How Politicizing Migration Harms Health

Politicians around the world are increasingly mobilizing anti-immigrant sentiment to garner support and votes—a trend that is especially evident as the US presidential election approaches.

While political rhetoric that stereotypes and scapegoats immigrants is well-documented, less attention has been given to the impact of these sentiments on immigrants themselves. In an article published today in the Journal of the American Medical Association (JAMA) and in a recently published book, Migration Stigma (MIT Press), scholars identify “migration stigma” as a pervasive and destructive force that links responses to immigration—such as prejudice and politics—to the health of immigrants.

“This concept of ‘migration stigma’ for the first time pulls together phenomena like the politicization of immigration and goes beyond how the native born think of immigrants to consider how it influences physical and mental health,” said Lawrence Yang, professor and chair of the Department of Social and Behavioral Sciences at NYU School of Global Public Health, first author of the JAMA article, and lead editor of Migration Stigma.

The human cost

In the JAMA article, the authors write that being labeled as a migrant can set off a cascade of negative consequences: stereotyping, separation or “othering,” discrimination, and loss of social status. In the context of power dynamics, these factors together result in stigma.

Stigma can take different forms, but all risk harming the health and mental health of immigrants. One form, structural stigma, occurs when groups are treated differently by laws or policies based on their status. For immigrants, this may mean worse access to education, housing, health care, and jobs—all of which are powerful social determinants of health, or social and structural factors that influence health outcomes.

Other forms of stigma may be less obvious. For instance, immigrants and their descendants who are attuned to the negative political environment and stereotypes people hold about immigrants may feel shame and internalize these negative beliefs.

Internalized stigma can increase stress, which may lead to a host of mental health issues, including anxiety, depression, and sleep disorders, and can even exacerbate post-traumatic stress disorder (PTSD) among migrants who endured traumatic journeys across borders. Moreover, internalized stigma—coupled with the fear of deportation—may deter immigrants from seeking medical attention and other services that ultimately improve their health and life opportunities, including jobs and education.

“New immigrants who are aware that the US is not the most hospitable place right now may respond to this negative environment by inadvertently avoiding opportunities to maintain their health,” said Yang, who is also the founding director of the Global Mental Health and Stigma Program at the NYU School of Global Public Health.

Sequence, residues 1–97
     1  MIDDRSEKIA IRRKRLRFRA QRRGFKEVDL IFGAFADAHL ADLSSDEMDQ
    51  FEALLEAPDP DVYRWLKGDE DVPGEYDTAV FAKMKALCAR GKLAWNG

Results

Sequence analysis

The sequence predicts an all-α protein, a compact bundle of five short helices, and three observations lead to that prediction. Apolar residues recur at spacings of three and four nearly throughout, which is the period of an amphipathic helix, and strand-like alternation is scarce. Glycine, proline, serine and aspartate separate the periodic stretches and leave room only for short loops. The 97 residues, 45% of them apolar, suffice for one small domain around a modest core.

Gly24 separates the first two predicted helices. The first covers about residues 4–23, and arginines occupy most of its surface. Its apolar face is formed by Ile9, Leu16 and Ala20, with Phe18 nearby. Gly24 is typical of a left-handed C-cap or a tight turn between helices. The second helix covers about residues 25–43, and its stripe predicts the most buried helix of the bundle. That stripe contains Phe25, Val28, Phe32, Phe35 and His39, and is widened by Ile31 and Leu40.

Addressing migration stigma

“A new focus on the intersection of migration and stigma creates an opportunity to break the cycle of harmful policies and rhetoric that fuel stigma and hurt the health of immigrants and others,” Yang said. And because stigma involves many factors—labeling, stereotyping, “othering,” and loss of status—interventions to reduce stigma can work to address any of these linkages.

“For instance, we can introduce new narratives to change a label or address stereotyping, or can encourage policymakers to enact anti-discrimination laws to preserve access to health care and education,” added Yang.

The authors also write in JAMA that to avoid stigmatizing migrant patients, health professionals can recognize that health and illness stem from social, political, and economic structures.

A new field of research

The concept of migration stigma grew out of an international forum, convened by the Ernst Stüngmann Foundation, that brought together scholars in the fields of stigma and migration to explore connections between the two.

“Although both fields examine the causes and consequences of prejudice and discrimination, until recently there was little formal collaboration between stigma and migration scholars,” said Yang.

Through this process, the scholars coined the concept of migration stigma and launched this new field of research. Future areas of study include the impact of the migrant label on different life domains, whether the label extends beyond migrants themselves to other generations or associated racial or ethnic groups, and whether stigma has long-term health consequences.

“By examining how the seemingly disparate phenomena of anti-immigrant politics and individuals’ health are related, we enhance the possibilities for researchers and clinicians to understand, and ideally, intervene to promote public health,” the authors write in JAMA.

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